2 posts tagged "Youssef Nabil"
“These were some of the first shoes Rick ever made when he was in Hollywood,” said Michele Lamy at the opening of Show and Tell: Calder Jewelry and Mobiles last night. Lamy—the wife and muse of Rick Owens—was referring to a pair of sky-high, heelless black platforms that she wore while effortlessly climbing the spiral staircase of Salon94‘s uptown gallery. Lamy had come into town from Paris to style the exhibition, which showcased the oft-overlooked crowns, earrings, necklaces, and cuffs (most of which are for sale through Salon94) crafted by twentieth-century sculptor and painter Alexander Calder. “I screamed when I first saw the jewelry,” professed Lamy during our interview, pulling her tattoo- and ring-covered fingers to the chest of her Comme des Garçons vest. She flashed a smile, exposing her gold and diamond teeth. “I’m such a fan of his.”
In addition to styling models for the event, Lamy enlisted artist Matthew Stone to snap Polaroids (with Andy Warhol’s camera, no less) of guests donning Calder’s creations. Furthermore, she’s working with artist Youssef Nabil on a Calder-centric photo series, which will star such characters as Debbie Harry, Cindy Sherman, Björk, Joni Mitchell, and Cher.
Although Lamy is most frequently associated with Owens, whom she met in her forties, she’s led an enthralling and utterly eccentric existence all her own. “It’s like she’s had ten lives,” said artist Carson McColl, who flew in from London for the fete with his boyfriend, Gareth Pugh. Considering she’s spent time as a cabaret dancer, an L.A. club kid, a fashion designer, a law-school student, and a stripper, he was hardly exaggerating. Here, Lamy talks to Style.com about Rick Owens’ Spring show, Calder’s work, and her taste in jewelry.
This exhibition celebrates an artist who also made jewelry. Do you think that jewelry and fashion are art?
That’s always the question! Some think art is unique pieces, and the Calder pieces are unique. If you do your own piece, it could be art. It’s very difficult to know the difference. Calder’s pieces were made by hand, and I think that makes it art. Clothing is more difficult because you have to produce more of it.
Do you think what you and Rick create is art?
I hope our life is.
Are your and Rick’s creative visions always in line? Do they ever differ?
They differ, but he always wins. If you don’t have the same aesthetic values, it’s difficult to live with somebody. If you don’t have the same political ideas or whatever, it’s fine. But if somebody says, “Oh, I like this,” you have to know what it is and feel the same way. Because he’s the designer, he’s the one at the front, and then I’m navigating. He’s the captain, but I’m pushing him.
You’re the current.
I recently interviewed Nicola Formichetti, and he said that Rick’s Spring show “changed everything” and that he and the other designers who watched it “were all jealous of his genius.” What is your reaction to that, and how did you feel about the show?
It was extraordinary to come [to the States] after the show, because it was around Halloween and there were people who went dressed as Rick Owens steppers! I told him immediately that this was a statement. The show was such a burst of joy and emotion. Those girls rehearsed themselves. It’s what they do, and all their hearts were in it. It was a burst of humanité, générosité, and loving, and everything was fantastic. Rick said that it was so real that he’s not going to try to top this show…of course, we’ll see. You know, in New York there was a discussion about [race on the runway], and then [people said] that Rick did this show and it was the answer. But it was just a spontaneous gesture—wanting to express how you feel about yourself to the world. Continue Reading “Michele Lamy: Adorned and Unfiltered” »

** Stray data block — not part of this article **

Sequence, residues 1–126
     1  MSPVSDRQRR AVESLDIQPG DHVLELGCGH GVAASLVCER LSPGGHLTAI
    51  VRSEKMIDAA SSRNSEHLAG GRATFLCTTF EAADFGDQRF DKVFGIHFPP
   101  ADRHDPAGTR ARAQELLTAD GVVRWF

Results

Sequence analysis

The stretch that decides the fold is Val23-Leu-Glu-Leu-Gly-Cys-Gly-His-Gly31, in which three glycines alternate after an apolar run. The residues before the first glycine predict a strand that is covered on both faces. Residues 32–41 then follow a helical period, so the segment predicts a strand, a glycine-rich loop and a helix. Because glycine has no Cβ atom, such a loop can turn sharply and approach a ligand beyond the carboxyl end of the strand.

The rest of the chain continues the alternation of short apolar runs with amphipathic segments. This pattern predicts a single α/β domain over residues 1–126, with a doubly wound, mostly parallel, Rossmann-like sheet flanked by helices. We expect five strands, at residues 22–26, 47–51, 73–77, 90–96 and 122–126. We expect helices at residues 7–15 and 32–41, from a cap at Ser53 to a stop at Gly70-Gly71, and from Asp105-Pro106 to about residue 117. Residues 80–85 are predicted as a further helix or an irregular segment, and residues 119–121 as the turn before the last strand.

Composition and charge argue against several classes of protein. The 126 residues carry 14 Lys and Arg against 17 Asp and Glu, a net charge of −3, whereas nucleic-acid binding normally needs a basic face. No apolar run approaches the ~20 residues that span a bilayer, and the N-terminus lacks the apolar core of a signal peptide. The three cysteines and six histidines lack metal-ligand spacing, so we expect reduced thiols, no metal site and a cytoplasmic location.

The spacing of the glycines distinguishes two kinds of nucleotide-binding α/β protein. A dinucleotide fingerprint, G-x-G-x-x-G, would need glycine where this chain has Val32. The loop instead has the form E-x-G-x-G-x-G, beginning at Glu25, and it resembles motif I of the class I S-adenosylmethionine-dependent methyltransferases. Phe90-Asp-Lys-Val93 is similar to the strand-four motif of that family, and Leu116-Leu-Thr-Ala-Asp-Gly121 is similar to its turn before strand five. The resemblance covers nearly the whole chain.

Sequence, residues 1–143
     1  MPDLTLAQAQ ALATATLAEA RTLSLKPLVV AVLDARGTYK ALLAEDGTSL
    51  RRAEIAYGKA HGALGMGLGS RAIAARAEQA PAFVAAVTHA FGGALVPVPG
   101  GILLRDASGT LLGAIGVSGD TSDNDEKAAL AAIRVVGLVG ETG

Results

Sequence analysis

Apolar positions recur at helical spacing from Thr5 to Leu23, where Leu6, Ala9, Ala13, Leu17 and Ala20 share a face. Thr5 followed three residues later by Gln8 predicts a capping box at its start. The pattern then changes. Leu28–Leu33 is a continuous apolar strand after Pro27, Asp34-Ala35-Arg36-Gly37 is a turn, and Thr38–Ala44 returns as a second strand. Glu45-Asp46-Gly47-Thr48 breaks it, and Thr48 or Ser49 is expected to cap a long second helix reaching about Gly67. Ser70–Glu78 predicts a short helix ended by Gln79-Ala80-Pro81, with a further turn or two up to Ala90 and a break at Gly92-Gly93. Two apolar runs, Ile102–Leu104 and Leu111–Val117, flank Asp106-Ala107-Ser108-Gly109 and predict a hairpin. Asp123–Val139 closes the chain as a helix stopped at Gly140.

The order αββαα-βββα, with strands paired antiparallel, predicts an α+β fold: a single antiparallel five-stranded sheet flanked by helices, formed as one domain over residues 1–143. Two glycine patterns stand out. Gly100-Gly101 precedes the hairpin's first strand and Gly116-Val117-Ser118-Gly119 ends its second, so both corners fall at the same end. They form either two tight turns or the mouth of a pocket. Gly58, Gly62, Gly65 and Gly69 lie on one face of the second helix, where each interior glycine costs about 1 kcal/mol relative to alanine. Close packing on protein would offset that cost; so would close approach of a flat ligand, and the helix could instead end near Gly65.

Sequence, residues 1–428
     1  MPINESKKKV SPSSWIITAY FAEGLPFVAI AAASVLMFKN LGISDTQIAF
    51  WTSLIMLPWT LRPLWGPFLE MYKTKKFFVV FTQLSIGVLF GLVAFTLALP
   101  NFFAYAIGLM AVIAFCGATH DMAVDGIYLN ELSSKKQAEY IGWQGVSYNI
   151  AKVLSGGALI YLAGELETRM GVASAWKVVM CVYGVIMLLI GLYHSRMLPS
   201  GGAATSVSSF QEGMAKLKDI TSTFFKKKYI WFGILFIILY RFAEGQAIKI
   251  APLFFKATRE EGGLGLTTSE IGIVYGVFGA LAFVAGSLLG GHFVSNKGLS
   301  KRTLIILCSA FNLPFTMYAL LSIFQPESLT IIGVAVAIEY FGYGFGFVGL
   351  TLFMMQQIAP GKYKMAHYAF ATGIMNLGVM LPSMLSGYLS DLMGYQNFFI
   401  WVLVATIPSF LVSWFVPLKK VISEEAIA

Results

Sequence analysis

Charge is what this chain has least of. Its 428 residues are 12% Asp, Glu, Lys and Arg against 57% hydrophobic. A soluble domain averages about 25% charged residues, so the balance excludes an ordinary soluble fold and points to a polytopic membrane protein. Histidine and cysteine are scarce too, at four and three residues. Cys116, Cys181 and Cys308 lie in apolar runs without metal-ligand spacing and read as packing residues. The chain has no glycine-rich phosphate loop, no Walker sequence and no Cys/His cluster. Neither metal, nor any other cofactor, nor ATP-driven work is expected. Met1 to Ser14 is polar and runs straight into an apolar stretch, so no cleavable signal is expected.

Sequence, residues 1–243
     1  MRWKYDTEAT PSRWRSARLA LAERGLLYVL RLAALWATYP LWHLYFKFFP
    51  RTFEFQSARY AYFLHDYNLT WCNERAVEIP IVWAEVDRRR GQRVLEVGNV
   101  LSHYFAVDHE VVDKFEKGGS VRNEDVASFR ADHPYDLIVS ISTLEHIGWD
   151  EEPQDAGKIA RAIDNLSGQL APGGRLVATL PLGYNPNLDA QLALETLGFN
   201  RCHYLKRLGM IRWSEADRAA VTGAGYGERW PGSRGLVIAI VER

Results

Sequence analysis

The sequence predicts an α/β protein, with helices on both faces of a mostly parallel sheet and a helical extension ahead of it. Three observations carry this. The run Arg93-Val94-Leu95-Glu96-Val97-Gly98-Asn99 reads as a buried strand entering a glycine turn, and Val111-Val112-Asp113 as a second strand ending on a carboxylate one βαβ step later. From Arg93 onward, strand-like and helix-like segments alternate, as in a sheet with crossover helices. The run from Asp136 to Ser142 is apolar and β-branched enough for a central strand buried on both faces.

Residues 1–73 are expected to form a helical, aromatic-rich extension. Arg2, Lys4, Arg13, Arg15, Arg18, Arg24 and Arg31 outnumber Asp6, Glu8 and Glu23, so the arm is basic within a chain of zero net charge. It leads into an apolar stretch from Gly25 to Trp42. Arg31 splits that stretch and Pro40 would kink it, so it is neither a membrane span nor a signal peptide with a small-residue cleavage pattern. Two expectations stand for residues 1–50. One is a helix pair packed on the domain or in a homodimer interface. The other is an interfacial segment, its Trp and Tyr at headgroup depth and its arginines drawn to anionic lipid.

Because we know that there’s a significant likelihood that you, like us, are scrambling for last-minute gifts, we bring to you a selection of this year’s art books that may ease the task. There’s a little something for everyone—visual and literary types, the hopeful and the cynical. Consider it our last-minute gift to you.
Hell Bound: New Gothic Art, by Francesca Gavin (Laurence King Publishing, $24.95)
“Gothic is the art world’s zombie. It refuses to die,” proclaims Francesca Gavin, author of this season’s premier survey of gorgeously gory art by over 30 youngbloods, including Terence Koh, Amie Dicke, Chloe Piene, Matt Greene, and Wes Lang. In addition to being a leading art critic and Dazed & Confused‘s visual arts editor, author Gavin is also currently one of the coolest figures in London’s art subculture. Consider this darkly themed tome your tart antidote to an overdose of saccharine holiday cheer.
I Won’t Let You Die, by Youssef Nabil (Hatje Cantz Verlag, $60.00)
Okay, so Nabil’s book won’t be available until March, but the Egyptian photographer’s nostalgia-tinged, hand-colored images are just too beautiful not to be a holiday option. (Just give a lovely IOU written on a Smythson note card.) Nabil renders his portraits with a lovingly luxurious look adopted from old images of Egyptian cinema. His first monograph has been over a decade in the making, featuring portraits of friends and fellow artists like Julie Mehretu, David Lynch, Shirin Neshat, and Tracey Emin. Of special note is the stunning stand-alone spread of John Waters.